The A.C. Plug and the swimbait revolution


By JIM MATTHEWS

www.OutdoorNewsService.com

You know you have been writing about fishing a long time when you see something common today and can remember when it was unknown. Let me tell you the story of imitative swimbaits.

It took a Facebook post from a long-time friend, Eric Cole, to send me back in time before swimbaits. You might know the Cole name. Eric is one of Allan Cole’s two sons. Allan Cole is the inventor of the A.C. Plug, the artificial bait that really kicked off the big, imitative bait craze.

Eric’s post simply read, “Is there anyone else on the planet that has a 26-pound brown trout, 63-pound striped bass, and a 17-pound largemouth bass on their wall -- oh, not to mention the 22-pound rainbow trout in the other room.” There was a photo of the three mounts in Allan Cole’s house. What wasn’t in the photo was an A.C. Plug hanging from any of the fishes’ mouths. That was the given knowledge about the catches.

I doubt there is anyone who has taken as many big brown trout over 10 pounds, striped bass over 20 pounds, and largemouth bass over 10 pounds as Allan Cole – individually, maybe, but not all three. The tally is in the hundreds. The vast majority of those fish have been caught with the lure Cole designed to look like a hatchery rainbow trout, a favorite food of big browns, big largemouth bass, and big stripers.

Cole began targeting big fish with big baits long before it was fashionable. His first A.C. Plugs were made in the early 1980s, but the desire to make a better lure for big fish began well before that when he was a young man fishing the Eastern Sierra Nevada trying to catch the big browns that lived there.

That was the era when the Rapala and Rebel lures ruled the roost for big fish. The trophy trout anglers slow-trolled the big eight-inch saltwater versions of these plugs for the brown trout in Upper and Lower Twin Lake near Bridgeport. Cole started repainting them so they were better imitations of the small rainbow trout planted in the lakes. They worked, but Cole knew they could be better.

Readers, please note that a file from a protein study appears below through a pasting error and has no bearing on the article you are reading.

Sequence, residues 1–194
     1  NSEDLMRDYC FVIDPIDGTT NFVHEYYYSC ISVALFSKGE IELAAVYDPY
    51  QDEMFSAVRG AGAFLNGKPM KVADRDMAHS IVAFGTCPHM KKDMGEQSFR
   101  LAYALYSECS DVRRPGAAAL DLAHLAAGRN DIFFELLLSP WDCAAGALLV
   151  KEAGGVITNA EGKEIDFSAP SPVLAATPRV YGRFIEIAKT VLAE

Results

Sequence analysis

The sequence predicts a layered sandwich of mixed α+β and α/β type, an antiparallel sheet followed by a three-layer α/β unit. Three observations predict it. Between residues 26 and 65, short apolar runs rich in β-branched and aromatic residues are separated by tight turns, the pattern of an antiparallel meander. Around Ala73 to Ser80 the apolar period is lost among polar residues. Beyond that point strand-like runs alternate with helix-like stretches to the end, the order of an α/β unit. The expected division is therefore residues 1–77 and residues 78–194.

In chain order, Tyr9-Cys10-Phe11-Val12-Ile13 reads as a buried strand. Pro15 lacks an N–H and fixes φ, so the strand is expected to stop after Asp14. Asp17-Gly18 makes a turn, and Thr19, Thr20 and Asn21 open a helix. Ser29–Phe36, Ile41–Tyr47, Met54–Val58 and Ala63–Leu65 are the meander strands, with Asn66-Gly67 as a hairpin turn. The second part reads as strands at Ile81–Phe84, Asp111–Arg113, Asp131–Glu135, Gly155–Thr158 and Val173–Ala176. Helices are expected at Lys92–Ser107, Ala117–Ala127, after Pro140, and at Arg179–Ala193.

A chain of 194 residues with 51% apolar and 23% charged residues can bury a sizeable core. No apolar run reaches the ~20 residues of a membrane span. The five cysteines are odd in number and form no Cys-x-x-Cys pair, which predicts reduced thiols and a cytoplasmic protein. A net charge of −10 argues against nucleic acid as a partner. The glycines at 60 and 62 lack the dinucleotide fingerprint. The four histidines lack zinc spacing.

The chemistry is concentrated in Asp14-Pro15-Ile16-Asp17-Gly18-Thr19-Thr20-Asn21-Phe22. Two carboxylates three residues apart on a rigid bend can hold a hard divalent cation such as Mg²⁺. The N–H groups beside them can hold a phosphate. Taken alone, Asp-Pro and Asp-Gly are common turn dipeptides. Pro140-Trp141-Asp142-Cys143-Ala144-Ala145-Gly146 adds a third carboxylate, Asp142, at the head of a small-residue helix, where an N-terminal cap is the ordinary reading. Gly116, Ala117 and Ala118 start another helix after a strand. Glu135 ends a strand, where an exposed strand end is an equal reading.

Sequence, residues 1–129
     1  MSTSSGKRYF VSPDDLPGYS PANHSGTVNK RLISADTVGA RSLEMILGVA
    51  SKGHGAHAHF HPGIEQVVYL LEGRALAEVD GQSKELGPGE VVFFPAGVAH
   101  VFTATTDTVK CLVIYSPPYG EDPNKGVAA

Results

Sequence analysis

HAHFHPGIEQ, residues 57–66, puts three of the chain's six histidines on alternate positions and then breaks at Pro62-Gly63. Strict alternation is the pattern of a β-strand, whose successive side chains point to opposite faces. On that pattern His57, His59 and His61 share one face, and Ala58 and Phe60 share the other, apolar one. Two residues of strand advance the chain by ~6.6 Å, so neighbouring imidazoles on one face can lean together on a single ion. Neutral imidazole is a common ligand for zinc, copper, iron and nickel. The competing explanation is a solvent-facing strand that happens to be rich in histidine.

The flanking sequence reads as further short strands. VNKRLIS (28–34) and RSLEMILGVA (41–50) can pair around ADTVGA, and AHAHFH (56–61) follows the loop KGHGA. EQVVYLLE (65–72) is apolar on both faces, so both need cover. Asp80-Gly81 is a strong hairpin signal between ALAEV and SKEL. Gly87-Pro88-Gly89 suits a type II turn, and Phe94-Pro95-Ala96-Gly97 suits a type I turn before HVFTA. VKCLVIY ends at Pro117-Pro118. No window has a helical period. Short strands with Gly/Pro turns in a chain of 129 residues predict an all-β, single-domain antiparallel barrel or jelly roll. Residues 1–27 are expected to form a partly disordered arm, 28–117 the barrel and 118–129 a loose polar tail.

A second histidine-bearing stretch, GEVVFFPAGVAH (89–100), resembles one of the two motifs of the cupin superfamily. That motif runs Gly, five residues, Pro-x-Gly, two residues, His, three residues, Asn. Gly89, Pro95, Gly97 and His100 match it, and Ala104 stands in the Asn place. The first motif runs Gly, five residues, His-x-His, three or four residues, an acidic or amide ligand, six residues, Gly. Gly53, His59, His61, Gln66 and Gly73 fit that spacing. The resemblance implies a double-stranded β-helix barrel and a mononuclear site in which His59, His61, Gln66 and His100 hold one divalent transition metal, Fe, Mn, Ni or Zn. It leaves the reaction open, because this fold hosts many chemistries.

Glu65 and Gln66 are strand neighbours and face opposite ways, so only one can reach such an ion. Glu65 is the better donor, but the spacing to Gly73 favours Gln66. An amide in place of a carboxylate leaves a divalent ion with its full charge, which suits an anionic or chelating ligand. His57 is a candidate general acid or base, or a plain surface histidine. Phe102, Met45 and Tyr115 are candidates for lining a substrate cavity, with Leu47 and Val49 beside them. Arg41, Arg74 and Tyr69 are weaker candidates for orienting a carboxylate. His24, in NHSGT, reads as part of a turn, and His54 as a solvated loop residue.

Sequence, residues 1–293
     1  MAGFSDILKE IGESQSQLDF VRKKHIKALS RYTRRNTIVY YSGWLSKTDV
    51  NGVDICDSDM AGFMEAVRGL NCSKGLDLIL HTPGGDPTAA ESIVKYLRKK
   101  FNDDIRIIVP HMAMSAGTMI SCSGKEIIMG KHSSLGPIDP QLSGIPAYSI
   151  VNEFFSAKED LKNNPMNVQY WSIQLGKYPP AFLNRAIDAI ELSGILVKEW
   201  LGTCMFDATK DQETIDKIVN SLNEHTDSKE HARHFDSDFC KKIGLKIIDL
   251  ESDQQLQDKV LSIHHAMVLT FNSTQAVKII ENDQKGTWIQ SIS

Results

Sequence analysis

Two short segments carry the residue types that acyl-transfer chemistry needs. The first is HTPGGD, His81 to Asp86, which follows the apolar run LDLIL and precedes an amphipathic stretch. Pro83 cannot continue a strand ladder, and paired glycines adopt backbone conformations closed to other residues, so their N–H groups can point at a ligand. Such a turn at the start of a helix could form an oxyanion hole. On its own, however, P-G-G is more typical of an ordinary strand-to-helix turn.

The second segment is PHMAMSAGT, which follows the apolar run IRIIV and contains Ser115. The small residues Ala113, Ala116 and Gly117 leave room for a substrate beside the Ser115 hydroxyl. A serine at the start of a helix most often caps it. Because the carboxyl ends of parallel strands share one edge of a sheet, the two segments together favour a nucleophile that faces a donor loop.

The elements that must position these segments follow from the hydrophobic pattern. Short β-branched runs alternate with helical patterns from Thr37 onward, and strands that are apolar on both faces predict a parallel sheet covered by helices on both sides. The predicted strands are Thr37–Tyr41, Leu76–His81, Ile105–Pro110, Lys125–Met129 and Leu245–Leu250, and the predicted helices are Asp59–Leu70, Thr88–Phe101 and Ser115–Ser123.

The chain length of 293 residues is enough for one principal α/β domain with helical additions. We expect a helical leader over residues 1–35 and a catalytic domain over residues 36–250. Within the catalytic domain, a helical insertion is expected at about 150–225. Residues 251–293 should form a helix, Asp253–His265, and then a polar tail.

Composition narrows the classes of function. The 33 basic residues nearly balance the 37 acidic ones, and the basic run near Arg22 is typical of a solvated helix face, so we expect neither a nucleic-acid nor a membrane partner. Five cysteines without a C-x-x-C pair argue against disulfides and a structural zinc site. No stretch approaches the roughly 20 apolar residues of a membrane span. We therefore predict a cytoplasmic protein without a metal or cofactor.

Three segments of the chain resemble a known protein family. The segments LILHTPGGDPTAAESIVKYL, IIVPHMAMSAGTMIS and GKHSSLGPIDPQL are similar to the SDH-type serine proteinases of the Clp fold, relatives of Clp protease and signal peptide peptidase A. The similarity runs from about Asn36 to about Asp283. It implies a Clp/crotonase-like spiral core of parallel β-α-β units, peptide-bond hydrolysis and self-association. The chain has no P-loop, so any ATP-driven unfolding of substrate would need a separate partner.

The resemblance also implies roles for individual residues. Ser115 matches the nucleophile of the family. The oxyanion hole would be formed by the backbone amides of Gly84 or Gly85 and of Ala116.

Fast forward a few years (and a pile of big brown trout later), and the striped bass population in Pyramid and Silverwood lakes near Cole’s home in Lancaster was exploding in the 1980s. Forty-pound stripers were creating washtub-sized boils at Silverwood and Pyramid lakes every time a Department of Fish and Game hatchery truck backed down the ramp and dumped in trout dinner for the stripers. The same thing was happening on the Colorado River at Willow Beach and Lake Mohave. At the same time, largemouth bass anglers were in a frenzy over the idea that a new world record largemouth bass could soon to be caught from a Southern California reservoir. Casitas and Castaic lakes were the most likely candidates, both producing 15 to 18 pound bass on a weekly basis from early February through early April, just before the fish spawned. The biggest from that era was 22 pounds, just four ounces shy of the world record.

Marching through this era was Allan Cole and his new A.C. Plug. The existing lures available didn’t look or swim like the trout, so Cole took a salmon trolling plug design and modified it, making it fatter, bigger, with a joint (or two) in the wooden body to give it more action. Add in a more exacting trout-like paint job, and it was a near-perfect imitation of a rainbow trout. It was Eric Cole, then a young teenager, who suggested the rubber tail after he and his dad had been making the big jointed A.C. Plugs for a season or two. The rubber tail gave the lure an extra sense of realism. Seeing it swim on the end of a line, you might swear it was a real fish.

Cole has dedication, patience, and persistence that made him a great angler. He is also a natural-born promoter and his exuberance was infectious. The fact that he was catching big fish on his home-made A.C. Plugs made them sell like hotcakes to the Southern California market. He was making them in lots of 100 or more and selling them at unheard of prices for lures of that era. At $20 to $25 each, they were more than four to six times the price of the best premium lures on the market at the time and 10 times more than the bulk of the products.